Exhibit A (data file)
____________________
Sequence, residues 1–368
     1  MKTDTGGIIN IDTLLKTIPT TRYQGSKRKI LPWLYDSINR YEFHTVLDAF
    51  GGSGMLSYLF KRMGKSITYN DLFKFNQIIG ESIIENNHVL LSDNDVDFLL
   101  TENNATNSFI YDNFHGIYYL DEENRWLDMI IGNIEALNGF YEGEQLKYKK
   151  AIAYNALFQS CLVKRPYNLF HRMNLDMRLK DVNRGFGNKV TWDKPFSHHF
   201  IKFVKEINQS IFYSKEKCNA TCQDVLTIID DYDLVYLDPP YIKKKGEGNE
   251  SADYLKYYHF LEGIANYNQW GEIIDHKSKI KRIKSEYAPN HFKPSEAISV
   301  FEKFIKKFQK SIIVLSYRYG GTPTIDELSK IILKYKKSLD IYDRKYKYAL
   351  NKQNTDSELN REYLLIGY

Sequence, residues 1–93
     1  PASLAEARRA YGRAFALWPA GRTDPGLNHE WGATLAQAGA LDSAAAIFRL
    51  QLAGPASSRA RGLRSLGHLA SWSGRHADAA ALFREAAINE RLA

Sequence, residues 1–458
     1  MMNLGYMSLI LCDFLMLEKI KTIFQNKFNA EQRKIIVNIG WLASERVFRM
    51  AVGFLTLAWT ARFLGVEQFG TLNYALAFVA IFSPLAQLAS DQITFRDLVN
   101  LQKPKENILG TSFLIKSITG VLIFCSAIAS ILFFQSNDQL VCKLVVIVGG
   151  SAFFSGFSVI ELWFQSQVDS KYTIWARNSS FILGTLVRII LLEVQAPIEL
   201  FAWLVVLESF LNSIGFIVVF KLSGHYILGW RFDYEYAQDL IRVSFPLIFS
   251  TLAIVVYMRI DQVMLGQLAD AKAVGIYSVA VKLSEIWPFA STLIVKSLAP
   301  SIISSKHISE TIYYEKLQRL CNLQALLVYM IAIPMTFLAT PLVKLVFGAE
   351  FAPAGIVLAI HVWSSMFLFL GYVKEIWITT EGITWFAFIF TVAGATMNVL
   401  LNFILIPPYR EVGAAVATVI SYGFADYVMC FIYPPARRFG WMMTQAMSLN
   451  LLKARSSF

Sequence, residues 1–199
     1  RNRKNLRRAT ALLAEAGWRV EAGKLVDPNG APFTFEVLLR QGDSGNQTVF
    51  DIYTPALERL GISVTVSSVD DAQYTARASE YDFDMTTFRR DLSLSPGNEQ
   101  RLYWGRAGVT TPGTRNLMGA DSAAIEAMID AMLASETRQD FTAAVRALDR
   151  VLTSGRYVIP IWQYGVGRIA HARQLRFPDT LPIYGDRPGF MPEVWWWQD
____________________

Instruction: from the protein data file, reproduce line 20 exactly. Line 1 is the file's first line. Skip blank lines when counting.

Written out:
   301  SIISSKHISE TIYYEKLQRL CNLQALLVYM IAIPMTFLAT PLVKLVFGAE